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Foglie D’Ulivo with Browned Butter Pine Nut Sauce

Aren’t they cute? I was enchanted by this shape of pasta and learned to make it following a video by Rosetta Costantino on her excellent Instagram page. They’re called foglie d’ulivo (olive leaves). This pasta shape is widely known across Italy, but originally is from the Apulia region. It’s made similarly to orecchiette, another specialty of Apulia, but instead of forming round little “ears,” the leaf-like shape requires a different technique.

You can make this with plain white or whole wheat flour, but I added spinach to the dough to attain the bright green color, mimicking actual leaves. After making the dough, (and letting it rest at least a half hour), roll it out into snake-like shapes, then cut into small pieces, which you then roll into smaller “logs” that are slightly more lumpy in the center.

Here is a step by step demonstration of me shaping the pasta leaves.

It takes a little practice, but after a few minutes of trying, you’ll be an expert and these adorable little leaves will be the beautiful result of your labor.

I served them in two different ways – with a browned butter sauce and pine nuts, plus a sprinkle of parmesan cheese.

Another time I tossed them with a summer salsa verde that was featured in Food 52 and includes mint, parsley, basil and capers. We liked it, but thought we might like the salsa better over fish or vegetables.

We much preferred the browned butter/pine nut sauce over this pasta, or a traditional basil pesto. You might also like it with a red sauce, but I would keep it light and use fresh tomatoes (maybe even small cherry tomatoes) so the color and shape of the green leaves don’t disappear in the sauce.

If you’ve never made pasta at home before, foglie d’ulivo may seem a bit daunting. Want to increase your knowledge of making pasta, with a really comprehensive guide to everything pasta – from the ingredients to the techniques?  It’s an online cooking school run by two sisters in Rome, Benedetta and Valeria, who started their company, Local Aromas, to teach people about Italian food. Knowledgeable, enthusiastic and passionate about Italy and its food, they conduct food tours in Rome in addition to their online slate of classes.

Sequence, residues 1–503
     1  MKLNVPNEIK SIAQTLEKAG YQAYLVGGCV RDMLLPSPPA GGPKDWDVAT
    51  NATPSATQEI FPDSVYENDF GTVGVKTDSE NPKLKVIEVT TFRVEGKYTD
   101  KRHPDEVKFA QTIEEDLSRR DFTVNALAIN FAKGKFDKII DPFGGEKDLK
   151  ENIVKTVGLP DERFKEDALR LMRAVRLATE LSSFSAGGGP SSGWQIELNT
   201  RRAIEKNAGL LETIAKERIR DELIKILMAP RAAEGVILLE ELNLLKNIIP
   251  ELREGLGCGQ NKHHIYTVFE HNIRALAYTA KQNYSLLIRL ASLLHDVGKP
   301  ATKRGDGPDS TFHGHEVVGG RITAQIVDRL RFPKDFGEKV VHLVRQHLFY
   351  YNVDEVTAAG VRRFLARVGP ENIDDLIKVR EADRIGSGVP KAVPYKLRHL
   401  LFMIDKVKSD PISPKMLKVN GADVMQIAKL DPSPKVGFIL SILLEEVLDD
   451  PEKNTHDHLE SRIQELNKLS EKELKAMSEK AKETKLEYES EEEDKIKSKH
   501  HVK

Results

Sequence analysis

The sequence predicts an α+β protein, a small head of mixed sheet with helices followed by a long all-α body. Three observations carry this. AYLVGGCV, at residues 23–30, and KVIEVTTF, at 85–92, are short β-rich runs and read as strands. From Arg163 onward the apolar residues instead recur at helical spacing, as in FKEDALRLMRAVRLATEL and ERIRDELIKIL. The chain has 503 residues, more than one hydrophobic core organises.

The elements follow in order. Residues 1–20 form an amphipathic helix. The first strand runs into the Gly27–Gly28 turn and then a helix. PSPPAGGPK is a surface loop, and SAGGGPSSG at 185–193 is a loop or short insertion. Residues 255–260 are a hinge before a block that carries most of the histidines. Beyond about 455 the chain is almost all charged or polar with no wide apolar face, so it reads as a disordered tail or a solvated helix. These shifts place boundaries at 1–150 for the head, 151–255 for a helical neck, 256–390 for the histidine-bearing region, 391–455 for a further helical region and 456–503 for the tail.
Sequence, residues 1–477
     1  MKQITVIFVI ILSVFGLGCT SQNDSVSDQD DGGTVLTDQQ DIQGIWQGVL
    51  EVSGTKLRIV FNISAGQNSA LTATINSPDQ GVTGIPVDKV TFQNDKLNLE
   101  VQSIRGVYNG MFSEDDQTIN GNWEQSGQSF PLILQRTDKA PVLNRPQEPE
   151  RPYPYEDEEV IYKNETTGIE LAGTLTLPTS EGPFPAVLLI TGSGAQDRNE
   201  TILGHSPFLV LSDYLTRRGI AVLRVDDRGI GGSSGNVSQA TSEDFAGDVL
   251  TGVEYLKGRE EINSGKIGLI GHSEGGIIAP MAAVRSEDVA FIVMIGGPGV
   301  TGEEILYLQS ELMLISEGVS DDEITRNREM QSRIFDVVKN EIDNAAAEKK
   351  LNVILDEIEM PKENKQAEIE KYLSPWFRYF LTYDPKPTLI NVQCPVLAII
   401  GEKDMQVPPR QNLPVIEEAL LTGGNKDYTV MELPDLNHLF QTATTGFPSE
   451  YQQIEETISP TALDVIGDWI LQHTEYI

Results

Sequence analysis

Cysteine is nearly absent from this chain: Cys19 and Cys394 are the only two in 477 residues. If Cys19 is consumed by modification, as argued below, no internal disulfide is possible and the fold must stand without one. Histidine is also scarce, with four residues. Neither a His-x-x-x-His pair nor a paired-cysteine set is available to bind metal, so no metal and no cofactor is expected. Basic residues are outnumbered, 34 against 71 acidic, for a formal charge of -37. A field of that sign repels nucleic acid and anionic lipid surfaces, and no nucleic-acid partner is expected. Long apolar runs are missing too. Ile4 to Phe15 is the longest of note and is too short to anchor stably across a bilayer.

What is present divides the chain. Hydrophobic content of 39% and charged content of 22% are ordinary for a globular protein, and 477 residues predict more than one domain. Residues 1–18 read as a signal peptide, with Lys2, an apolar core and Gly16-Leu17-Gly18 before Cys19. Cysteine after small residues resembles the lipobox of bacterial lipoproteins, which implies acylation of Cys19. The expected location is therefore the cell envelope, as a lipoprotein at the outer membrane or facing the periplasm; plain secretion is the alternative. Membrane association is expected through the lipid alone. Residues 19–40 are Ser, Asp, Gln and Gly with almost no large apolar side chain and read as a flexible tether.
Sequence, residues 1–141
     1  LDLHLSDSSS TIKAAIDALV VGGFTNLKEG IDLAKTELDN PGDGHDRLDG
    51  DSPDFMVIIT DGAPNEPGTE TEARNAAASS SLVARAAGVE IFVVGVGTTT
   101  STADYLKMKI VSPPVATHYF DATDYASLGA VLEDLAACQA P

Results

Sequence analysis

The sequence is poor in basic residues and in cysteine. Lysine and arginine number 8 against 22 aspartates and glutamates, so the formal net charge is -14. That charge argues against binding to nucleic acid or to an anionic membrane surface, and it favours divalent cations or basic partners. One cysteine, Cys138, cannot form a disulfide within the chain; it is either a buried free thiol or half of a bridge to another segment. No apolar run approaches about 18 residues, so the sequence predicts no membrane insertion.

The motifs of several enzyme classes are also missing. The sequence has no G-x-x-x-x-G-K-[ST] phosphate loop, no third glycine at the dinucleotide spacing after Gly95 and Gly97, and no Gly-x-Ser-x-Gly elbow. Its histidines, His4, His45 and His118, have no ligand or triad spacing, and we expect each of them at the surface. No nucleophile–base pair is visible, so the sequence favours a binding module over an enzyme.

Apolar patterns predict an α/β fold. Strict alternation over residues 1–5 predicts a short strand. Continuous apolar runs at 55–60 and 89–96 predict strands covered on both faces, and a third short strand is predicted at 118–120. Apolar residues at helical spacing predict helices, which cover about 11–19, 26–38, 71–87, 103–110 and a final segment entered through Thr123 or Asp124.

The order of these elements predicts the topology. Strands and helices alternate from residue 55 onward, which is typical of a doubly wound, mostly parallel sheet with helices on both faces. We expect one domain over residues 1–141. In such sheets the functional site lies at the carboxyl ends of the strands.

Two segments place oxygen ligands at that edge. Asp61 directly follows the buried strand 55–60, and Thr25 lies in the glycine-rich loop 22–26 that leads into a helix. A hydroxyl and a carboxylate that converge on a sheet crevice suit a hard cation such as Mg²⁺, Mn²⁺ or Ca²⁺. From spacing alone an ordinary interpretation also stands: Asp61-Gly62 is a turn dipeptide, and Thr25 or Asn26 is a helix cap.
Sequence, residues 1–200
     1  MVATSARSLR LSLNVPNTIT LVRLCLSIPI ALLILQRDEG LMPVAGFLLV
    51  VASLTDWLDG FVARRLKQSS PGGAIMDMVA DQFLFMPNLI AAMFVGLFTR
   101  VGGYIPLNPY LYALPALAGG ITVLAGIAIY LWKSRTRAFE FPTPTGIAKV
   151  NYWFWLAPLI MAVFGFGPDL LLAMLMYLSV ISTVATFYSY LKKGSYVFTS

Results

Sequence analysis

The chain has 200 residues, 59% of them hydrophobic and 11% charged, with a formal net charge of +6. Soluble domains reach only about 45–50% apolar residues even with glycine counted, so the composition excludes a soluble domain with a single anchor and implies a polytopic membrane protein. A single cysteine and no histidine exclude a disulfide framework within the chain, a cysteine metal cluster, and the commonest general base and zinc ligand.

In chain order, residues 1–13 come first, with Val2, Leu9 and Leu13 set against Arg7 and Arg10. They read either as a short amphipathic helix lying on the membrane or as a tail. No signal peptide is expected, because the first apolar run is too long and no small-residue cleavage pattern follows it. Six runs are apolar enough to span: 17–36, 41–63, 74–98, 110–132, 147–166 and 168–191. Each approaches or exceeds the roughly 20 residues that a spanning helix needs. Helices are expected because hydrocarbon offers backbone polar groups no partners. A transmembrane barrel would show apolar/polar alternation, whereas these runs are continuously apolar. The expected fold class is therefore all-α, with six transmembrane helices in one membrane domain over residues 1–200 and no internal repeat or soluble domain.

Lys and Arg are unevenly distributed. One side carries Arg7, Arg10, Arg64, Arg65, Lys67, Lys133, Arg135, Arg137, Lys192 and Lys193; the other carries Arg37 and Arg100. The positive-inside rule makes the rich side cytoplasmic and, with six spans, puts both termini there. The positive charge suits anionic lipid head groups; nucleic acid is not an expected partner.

They started with courses on pasta and gnocchi but plan to expand in the future to include other foods and wines too. In their classes, you’ll learn why certain flours are used for certain pastas, how to make the dough and shape it to specific types of pasta, from farfalle to fettuccine and much more. Especially during this pandemic, if you can’t get to Italy and are looking for a great way to learn a new skill, sign up for a class at Local Aromas.

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Spinach Foglie D'Ulivo with Browned Butter Pine Nut Sauce
 
Author:
Serves: 4 servings
Ingredients
  • FOR THE PASTA:
  • 1 10-ounce box frozen spinach, thawed
  • 2 cups 00 flour
  • 2 eggs
  • pinch of salt
  • FOR THE SAUCE:
  • ½ cup unsalted butter
  • ¼ cup pine nuts, toasted
  • parmesan cheese, to taste
Instructions
  1. FOR THE PASTA:
  2. Drain the spinach thoroughly, squeezing out all the water you can with your hands.
  3. Then press it with paper towels to get out any remaining water.
  4. Place the spinach and the two eggs into the food processor to break down the spinach.
  5. Start adding the flour.
  6. You may need as little as a cup and a quarter of flour.
  7. It's easy to add more flour later, but much harder to work the dough if you place too much flour into the food processor.
  8. Add just enough flour and process until the dough comes together into a ball.
  9. It will be sticky.
  10. Place the dough onto a wooden work surface, add more flour until the stickiness disappears and the dough seems more "homogenized" and softer.
  11. Cover the dough with plastic wrap or a bowl and let it sit for at least ½ hour.
  12. To make the foglie, take a piece of the dough and roll it out to a snake-like shape, about ½ inch thick and about 6 to 8 inches long.
  13. If you roll it too long, it's harder to handle.
  14. Cut off small bits of the snake-like roll.
  15. Roll the small bit so it is a bit thinner on the ends than in the middle,
  16. Holding one part of the dough with one hand, use a knife or spatula in the other hand and press down on the dough, sliding the knife or spatula along the dough.
  17. Shape with your fingers to make the ends more like a "point" of a leaf if you like.
  18. Cook the pasta in abundant salted water.
  19. If you let the pasta dry overnight, it will take longer to cook, maybe as long as 15 minutes, depending on the thickness.
  20. Meanwhile, take the butter and place it in a saucepan.
  21. Cook it on medium heat until it starts to turn tan.
  22. It can burn easily, so be careful not to let it get to that point.
  23. Add the toasted pine nuts, then the drained pasta and toss everything together.
  24. Place in a serving bowl, then sprinkle with parmesan cheese.
 

Brutti Ma Buoni